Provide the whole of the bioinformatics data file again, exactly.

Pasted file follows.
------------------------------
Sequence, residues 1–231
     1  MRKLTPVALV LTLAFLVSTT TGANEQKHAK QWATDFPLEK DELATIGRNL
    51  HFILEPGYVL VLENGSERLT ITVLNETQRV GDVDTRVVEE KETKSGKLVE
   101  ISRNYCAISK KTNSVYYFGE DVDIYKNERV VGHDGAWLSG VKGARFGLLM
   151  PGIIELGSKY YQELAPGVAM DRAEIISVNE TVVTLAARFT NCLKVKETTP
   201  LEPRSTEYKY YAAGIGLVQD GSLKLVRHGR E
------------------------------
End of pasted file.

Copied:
Sequence, residues 1–231
     1  MRKLTPVALV LTLAFLVSTT TGANEQKHAK QWATDFPLEK DELATIGRNL
    51  HFILEPGYVL VLENGSERLT ITVLNETQRV GDVDTRVVEE KETKSGKLVE
   101  ISRNYCAISK KTNSVYYFGE DVDIYKNERV VGHDGAWLSG VKGARFGLLM
   151  PGIIELGSKY YQELAPGVAM DRAEIISVNE TVVTLAARFT NCLKVKETTP
   201  LEPRSTEYKY YAAGIGLVQD GSLKLVRHGR E